Bell goes on to say that "Jesus' story has been hijacked by a number of other stories, stories Jesus isn't interested in telling, because they have nothing to do with what he came to do." (viii) What he says next, however, is quite revealing about Bell's agenda. "The plot has been lost, and it's time to reclaim it." (viii) Before Bell's book was released, it was criticized and it was defended. What was typical, and still remains typical for Bell's defenders is the assertion that Bell is merely raising questions. He is attempting to dialogue about a "perplexing" doctrine such as the doctrine of hell. He is joining in the "conversation." Bell himself has publicly said that he enjoys "the conversation". However, his words here paint a different picture. "It's time to reclaim it," he says. This is not only an assertion that what has been preached as the gospel is false, but it is a declaration, a call to arms, a summons to battle, a decree that says, "We have the real gospel." Now I agree with Bell, and this will become clearer as we progress through the book, that much of what Bell has a problem with, is in fact sub-Biblical. He is typically dissatisfied and disgusted by a fundamentalist gospel that preaches nothing but damnation, no grace, and is also quite Arminian in its understanding of the human will. But Bell's solution, his counter-gospel, is typically no gospel at all. He has gone from one extreme to the other. What is clear from the above quote, is that Bell has an agenda. What remains to be seen is whether his agenda, his gospel, his message, has any foundation.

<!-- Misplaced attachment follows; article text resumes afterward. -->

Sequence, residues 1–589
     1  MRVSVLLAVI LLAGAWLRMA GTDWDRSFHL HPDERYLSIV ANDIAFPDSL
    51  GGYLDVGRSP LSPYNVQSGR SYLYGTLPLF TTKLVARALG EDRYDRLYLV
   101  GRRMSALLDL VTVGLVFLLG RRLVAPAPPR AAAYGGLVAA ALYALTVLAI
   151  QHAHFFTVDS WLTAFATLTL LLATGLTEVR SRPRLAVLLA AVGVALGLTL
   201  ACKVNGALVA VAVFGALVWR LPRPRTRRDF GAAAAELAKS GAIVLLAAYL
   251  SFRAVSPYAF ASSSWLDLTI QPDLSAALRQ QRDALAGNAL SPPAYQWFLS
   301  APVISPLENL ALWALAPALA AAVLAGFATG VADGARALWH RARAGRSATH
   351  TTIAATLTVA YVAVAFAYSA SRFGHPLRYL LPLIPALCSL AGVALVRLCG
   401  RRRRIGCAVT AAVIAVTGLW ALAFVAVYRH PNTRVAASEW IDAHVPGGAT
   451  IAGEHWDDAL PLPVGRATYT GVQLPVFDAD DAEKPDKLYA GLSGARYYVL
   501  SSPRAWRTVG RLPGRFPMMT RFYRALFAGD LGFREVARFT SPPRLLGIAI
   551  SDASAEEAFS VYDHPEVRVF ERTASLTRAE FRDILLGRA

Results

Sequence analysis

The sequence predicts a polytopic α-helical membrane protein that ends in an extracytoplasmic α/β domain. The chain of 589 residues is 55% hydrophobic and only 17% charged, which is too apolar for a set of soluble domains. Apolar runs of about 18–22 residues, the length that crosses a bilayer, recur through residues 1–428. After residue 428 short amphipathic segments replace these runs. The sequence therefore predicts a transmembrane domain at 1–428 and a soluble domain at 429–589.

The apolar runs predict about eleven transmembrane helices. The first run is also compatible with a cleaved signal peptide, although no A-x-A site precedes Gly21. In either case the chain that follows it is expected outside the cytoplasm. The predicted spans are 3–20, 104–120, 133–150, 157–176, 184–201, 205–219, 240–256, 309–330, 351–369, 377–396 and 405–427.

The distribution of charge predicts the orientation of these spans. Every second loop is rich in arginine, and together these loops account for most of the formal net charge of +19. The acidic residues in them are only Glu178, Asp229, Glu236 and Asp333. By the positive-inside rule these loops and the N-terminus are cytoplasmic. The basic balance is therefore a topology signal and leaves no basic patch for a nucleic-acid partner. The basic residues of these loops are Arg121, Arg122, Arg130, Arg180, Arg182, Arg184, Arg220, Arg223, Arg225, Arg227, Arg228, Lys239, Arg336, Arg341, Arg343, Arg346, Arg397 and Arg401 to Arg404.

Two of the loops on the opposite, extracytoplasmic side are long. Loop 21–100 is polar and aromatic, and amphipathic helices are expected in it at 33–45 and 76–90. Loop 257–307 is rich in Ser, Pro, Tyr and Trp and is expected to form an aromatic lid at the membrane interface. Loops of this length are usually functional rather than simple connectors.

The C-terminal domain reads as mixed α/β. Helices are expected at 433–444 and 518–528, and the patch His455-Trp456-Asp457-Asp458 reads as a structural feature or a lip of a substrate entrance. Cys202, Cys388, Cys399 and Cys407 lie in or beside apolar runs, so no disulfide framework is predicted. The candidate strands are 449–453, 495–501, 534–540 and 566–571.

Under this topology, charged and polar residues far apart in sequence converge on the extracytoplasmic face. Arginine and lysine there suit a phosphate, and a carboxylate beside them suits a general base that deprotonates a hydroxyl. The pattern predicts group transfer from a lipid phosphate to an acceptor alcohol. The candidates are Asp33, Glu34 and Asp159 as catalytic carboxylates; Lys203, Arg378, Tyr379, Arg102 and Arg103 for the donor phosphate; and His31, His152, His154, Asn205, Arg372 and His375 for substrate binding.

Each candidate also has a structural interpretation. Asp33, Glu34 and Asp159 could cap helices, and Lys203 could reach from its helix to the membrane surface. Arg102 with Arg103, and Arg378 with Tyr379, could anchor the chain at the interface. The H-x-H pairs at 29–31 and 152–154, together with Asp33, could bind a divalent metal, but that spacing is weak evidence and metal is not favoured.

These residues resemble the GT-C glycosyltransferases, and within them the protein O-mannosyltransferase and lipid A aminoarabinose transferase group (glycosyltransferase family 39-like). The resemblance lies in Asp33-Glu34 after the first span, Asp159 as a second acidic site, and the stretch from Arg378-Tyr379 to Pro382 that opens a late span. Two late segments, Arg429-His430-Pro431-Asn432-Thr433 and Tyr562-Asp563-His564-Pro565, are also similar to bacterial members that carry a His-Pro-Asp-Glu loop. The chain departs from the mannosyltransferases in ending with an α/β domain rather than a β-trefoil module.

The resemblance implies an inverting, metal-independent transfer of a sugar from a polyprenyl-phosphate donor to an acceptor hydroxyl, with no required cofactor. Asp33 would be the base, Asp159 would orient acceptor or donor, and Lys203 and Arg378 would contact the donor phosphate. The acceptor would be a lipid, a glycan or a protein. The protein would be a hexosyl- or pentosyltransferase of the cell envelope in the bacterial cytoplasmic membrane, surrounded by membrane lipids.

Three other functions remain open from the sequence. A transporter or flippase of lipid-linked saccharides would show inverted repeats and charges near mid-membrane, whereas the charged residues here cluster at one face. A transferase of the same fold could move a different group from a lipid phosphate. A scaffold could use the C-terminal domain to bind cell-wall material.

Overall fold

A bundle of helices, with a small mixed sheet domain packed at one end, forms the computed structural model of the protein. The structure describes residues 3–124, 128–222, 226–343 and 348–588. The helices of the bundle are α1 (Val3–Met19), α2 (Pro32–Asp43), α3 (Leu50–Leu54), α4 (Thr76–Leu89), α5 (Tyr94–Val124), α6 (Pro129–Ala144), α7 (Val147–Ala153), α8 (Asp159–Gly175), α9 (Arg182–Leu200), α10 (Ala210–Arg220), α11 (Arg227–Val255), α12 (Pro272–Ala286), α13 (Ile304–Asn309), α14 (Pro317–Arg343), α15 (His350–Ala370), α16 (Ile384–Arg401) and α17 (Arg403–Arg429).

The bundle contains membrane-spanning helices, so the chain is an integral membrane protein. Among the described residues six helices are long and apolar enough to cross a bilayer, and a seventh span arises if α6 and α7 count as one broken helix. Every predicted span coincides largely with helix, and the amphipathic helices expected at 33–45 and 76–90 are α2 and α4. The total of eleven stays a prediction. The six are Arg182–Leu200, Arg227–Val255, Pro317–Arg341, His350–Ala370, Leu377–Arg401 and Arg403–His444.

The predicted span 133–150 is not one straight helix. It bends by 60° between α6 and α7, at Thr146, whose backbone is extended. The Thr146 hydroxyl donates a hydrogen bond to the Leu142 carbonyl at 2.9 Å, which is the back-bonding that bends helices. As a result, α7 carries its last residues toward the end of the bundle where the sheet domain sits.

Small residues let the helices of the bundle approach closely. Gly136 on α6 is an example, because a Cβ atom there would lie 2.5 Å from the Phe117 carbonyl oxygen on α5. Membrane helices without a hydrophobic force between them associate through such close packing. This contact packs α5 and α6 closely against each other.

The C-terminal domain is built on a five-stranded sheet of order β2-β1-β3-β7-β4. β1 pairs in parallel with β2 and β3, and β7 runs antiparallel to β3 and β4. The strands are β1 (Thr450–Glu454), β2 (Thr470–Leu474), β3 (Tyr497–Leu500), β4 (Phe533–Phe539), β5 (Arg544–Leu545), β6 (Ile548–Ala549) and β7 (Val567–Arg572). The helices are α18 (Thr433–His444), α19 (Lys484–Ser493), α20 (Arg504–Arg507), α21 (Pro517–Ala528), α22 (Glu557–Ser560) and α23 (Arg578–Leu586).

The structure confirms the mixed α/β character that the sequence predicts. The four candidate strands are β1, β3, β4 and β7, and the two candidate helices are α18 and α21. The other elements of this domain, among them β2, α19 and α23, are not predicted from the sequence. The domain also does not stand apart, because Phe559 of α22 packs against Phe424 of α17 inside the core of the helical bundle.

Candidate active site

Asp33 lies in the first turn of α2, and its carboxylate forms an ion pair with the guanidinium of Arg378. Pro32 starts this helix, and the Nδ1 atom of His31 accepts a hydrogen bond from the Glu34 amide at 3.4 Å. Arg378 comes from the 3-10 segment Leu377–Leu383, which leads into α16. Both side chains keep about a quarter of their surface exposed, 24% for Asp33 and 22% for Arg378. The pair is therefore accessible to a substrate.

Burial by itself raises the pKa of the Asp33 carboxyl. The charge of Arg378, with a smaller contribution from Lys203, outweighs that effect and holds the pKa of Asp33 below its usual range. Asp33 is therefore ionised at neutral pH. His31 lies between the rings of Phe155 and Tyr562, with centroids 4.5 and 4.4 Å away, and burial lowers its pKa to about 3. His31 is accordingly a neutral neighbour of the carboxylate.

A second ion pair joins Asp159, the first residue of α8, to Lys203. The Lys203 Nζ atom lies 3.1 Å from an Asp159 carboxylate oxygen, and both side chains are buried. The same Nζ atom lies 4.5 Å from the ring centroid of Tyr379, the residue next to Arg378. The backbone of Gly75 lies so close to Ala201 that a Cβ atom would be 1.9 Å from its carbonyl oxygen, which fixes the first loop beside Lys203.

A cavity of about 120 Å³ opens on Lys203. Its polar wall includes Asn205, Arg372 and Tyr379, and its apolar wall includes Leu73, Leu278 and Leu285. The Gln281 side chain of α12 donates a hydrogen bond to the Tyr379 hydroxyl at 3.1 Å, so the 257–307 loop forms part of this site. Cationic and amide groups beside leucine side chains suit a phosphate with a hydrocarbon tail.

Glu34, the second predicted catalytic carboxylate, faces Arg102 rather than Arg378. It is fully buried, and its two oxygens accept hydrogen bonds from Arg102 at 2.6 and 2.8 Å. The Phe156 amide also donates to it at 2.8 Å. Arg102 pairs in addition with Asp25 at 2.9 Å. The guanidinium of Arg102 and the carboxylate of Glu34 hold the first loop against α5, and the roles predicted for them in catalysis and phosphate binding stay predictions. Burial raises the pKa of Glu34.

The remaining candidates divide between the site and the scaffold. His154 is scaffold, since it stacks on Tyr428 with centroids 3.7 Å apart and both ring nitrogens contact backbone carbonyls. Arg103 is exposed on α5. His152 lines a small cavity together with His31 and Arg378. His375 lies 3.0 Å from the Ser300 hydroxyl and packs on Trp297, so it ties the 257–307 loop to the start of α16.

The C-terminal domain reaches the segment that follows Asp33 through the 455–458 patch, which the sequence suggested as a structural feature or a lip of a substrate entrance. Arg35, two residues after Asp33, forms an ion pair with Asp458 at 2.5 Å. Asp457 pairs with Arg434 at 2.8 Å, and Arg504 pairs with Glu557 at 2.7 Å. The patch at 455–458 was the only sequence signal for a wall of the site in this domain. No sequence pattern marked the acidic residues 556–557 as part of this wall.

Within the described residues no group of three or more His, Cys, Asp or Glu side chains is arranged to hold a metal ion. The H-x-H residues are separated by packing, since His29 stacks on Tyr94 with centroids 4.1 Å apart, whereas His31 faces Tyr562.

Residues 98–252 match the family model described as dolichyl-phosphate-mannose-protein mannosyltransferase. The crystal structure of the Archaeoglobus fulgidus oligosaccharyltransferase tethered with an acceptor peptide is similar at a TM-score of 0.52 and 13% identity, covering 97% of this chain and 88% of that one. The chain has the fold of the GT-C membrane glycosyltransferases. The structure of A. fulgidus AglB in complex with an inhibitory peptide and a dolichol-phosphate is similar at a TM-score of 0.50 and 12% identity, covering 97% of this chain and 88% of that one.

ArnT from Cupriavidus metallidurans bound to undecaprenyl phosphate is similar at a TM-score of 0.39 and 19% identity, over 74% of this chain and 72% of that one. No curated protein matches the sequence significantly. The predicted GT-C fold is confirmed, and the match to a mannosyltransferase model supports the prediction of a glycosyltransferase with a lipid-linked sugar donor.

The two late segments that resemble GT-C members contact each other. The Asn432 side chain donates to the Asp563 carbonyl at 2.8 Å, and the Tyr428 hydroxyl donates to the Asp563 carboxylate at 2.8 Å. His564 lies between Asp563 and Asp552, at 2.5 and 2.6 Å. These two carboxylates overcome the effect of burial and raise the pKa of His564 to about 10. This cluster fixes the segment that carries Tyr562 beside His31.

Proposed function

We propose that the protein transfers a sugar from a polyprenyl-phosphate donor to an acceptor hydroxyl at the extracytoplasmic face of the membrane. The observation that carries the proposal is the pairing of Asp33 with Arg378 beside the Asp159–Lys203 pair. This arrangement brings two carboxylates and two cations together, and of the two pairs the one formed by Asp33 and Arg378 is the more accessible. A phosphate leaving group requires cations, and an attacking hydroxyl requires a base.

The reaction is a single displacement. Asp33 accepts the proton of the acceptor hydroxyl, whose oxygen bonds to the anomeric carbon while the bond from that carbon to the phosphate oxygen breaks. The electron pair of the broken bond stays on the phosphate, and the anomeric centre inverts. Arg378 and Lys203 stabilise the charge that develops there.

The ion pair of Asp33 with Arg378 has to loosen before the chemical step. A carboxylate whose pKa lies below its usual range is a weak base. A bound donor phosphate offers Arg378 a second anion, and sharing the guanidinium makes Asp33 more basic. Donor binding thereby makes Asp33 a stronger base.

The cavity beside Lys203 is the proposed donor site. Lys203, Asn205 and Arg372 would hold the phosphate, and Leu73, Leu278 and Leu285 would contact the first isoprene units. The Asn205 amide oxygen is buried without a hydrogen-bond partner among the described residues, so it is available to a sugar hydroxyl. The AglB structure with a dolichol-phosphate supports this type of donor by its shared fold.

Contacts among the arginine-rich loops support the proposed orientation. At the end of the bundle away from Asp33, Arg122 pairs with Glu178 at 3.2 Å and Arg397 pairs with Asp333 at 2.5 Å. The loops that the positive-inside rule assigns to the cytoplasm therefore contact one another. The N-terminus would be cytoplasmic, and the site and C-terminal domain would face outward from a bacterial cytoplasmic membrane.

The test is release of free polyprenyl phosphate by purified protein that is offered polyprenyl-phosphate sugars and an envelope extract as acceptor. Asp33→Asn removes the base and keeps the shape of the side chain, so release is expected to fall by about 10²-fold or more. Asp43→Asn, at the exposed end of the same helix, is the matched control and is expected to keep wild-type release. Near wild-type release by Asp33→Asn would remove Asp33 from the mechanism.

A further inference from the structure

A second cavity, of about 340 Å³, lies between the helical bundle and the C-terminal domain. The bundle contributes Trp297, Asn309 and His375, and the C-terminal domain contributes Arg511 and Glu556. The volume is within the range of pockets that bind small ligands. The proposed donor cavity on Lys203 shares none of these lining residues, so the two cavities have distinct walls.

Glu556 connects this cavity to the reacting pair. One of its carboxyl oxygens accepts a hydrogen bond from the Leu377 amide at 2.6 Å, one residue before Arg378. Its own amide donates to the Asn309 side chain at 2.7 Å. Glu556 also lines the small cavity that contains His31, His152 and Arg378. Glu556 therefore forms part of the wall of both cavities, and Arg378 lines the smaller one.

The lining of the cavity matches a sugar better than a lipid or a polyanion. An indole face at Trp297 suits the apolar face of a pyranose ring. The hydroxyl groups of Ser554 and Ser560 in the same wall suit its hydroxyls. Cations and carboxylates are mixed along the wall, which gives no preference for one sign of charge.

Bell goes on to describe the false "Jesus story". "A staggering number of people have been taught that a select few Christians (italics mine) will spend forever in a peaceful, joyous place called heaven, while the rest of humanity spends forever in torment and punishment in hell with no chance for anything better." (viii) A "select few Christians," Bell says. Perhaps this is the doctrine in some small, sectarian churches. There might be some small little group tucked away in a barn somewhere that possess salvation all to itself. I would have a problem with this belief as well, for the Scriptures say that the elect of God are "nations" and "multitudes". Abraham was told to "count the stars" if he could, and his descendants would be as they are (Gen 15:5). No one knows the number of God's elect. Personally, I don't understand what Bell is getting at with this statement, because it's not a widely held belief. Is hell, punishment, and torment? Yes. Is heaven, peace, and joy? Yes. But the idea that there's some "select few" group is a sectarian belief, or it's Bell not understanding election.